History on Air

History Podcast and Blog Blog RSS Feed Follow us on Twitter Friend us on Facebook Watch Us on YouTube

25 February

The Very First Academy Awards Ceremony 1929


Every year we gather around our television sets to watch Academy Awards (this year Sunday, Feb 27 8PM EST, 5PM EST on ABC), also called the Oscars. This awards ceremony was developed by the Academy of Motion Picture Arts and Sciences (AMPAS) to recognize those working in the film industry who have performed their job excellently. The formal ceremony is televised to over 200 countries and is the oldest award ceremony in media.

The Academy itself is composed of roughly 6,000 film industry professionals from around the world; however the majority are based in the United States. The idea of the AMPAS began with the then head of Metro-Goldwyn-Mayer, Louis B. Mayer. The original goal of the organization was to mediate labor disputes and improve the industry’s image.

Douglas Fairbanks, Sr. was elected as the first president of the Academy. One of his first jobs was to bestow awards of merit for distinct achievement. Mayer asked MGM art director, Cedric Gibbons to design the now famous Oscar trophy. Sculptor George Stanley was paid $500 to execute the original statue from Gibbons’ design. Trivia tidbit: Because of a metal shortage during World War II, Oscar statuettes were made of painted plaster. The very first ever Academy Awards nominees were notified via telegram in February 1928. The awards would be for films made in 1927 and 1928.

The Ceremony was held on May 16, 1929 at the Hollywood Roosevelt Hotel in Los Angeles, California. 207 people showed up. They paid $5 a ticket. It was not broadcast on radio or television; however, fans of the celebrities did show up to watch them step out of their luxury vehicles. Douglas Fairbanks, the president of the Academy, made the official award presentations. Twelve awards were presented at the dinner and 20 additional certificates of honorable mention were given to runners-up in each awards category.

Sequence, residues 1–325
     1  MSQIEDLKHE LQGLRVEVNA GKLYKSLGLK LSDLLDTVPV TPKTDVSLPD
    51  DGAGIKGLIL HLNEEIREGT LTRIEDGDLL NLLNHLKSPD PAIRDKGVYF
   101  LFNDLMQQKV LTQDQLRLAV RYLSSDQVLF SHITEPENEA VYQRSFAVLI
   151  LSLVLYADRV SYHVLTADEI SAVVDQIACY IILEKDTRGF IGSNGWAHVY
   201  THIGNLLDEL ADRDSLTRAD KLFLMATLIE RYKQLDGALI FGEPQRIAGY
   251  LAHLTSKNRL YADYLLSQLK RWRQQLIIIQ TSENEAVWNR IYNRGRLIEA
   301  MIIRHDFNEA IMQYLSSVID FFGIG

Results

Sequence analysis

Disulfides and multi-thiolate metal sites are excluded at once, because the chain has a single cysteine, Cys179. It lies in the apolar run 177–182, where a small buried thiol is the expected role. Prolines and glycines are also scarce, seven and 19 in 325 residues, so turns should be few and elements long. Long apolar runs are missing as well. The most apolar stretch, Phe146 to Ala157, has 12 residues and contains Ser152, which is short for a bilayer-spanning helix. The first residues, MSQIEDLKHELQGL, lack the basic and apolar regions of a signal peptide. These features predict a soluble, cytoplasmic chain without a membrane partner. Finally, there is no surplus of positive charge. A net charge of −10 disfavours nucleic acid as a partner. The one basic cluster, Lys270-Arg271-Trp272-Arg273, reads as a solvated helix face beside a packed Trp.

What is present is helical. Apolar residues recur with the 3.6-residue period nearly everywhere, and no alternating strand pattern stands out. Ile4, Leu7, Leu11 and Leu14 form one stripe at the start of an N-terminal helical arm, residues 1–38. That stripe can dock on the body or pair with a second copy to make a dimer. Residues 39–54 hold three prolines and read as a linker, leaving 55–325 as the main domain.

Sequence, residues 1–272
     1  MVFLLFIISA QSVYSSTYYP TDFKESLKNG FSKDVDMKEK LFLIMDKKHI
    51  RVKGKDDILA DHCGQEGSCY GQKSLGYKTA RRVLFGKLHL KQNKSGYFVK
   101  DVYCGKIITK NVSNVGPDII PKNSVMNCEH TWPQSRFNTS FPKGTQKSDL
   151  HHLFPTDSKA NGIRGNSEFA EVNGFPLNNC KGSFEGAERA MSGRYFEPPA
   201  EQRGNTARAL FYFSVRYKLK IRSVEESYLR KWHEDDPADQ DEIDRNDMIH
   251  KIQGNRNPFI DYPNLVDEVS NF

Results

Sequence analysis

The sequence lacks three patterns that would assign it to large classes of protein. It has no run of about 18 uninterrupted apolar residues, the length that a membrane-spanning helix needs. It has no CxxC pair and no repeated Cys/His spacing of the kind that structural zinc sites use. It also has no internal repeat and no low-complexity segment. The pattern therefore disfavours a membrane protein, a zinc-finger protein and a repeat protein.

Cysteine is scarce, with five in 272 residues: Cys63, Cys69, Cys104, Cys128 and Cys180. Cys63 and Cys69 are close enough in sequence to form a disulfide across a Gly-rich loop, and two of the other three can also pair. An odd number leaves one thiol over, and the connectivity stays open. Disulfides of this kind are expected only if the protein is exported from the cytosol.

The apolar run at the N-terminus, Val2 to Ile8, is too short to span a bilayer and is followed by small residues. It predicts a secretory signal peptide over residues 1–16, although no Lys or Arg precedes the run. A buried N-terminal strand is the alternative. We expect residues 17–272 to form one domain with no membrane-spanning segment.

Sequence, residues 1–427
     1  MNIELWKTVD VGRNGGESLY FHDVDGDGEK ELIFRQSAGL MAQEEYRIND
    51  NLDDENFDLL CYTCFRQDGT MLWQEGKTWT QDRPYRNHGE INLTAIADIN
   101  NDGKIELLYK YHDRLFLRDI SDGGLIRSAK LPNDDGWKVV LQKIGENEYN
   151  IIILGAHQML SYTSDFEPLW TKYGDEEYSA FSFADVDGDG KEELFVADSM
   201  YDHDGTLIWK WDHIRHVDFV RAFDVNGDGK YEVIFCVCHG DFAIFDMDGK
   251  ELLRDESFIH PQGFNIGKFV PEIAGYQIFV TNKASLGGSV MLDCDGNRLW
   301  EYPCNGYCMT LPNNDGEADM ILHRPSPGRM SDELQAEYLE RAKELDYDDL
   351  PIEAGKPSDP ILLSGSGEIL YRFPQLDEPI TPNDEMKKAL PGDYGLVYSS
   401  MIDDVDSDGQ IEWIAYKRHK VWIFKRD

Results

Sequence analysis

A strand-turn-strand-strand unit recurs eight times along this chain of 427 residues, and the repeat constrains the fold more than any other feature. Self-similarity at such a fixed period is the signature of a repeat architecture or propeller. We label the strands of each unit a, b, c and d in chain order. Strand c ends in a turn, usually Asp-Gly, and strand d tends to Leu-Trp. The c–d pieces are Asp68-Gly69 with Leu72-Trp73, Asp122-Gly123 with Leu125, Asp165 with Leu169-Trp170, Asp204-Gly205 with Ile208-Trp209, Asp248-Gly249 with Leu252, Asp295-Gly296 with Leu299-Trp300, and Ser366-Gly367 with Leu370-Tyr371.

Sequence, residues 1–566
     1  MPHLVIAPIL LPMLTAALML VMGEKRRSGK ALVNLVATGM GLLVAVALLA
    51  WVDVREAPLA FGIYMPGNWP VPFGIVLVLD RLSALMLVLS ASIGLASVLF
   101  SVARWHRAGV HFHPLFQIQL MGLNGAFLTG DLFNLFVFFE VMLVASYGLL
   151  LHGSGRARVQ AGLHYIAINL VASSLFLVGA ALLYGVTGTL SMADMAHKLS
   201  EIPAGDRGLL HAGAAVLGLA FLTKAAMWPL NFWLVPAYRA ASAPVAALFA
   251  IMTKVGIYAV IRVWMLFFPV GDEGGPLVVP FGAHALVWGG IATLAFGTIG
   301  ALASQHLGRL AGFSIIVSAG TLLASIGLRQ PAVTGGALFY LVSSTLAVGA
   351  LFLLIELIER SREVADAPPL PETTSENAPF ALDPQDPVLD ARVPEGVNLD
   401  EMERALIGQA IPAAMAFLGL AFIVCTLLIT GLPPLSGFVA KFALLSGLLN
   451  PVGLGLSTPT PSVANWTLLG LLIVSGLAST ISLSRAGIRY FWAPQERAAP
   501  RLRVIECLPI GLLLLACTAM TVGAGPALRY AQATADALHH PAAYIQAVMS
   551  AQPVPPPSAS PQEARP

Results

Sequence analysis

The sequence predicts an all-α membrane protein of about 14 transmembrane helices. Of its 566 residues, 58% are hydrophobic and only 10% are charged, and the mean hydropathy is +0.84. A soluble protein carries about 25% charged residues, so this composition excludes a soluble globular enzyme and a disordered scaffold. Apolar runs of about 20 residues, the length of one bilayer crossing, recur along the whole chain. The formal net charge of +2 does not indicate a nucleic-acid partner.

And the winners were…

Best Picture – Wings

Unique and Artistic Production – Sunrise – A Song of Two Humans

Best Director, Comedy Picture – Lewis Milestone for Two Arabian Knights

Best Director, Dramatic Picture – Frank Borzage for 7th Heaven

Best Actor in a Leading Role – Emil Jannings for The Last Command and The Way of All Flesh

Best Actress in a Leading Role – Janet Gaynor for 7th Heaven, Street Angel and Sunrise – A Song of Two Humans

Best Writing, Original Story – Ben Hecht for Underworld

Best Writing, Adapted Story – Benjamin Glazer for 7th Heaven

Best Cinematography – Charles Rosher and Karl Struss for Sunrise – A Song of Two Humans

Best Art Direction – William Cameron Menzies for The Dove and Tempest

Best Engineering Effects – Roy Pomeroy for Wings

Best Writing, Title Writing – Joseph Farnham (no specific film)

Honorary Awards

Charles Chaplin “For versatility and genius in acting, writing, directing and producing The Circus “.

Warner Brothers Production “For producing The Jazz Singer, the pioneer outstanding talking picture, which has revolutionized the industry”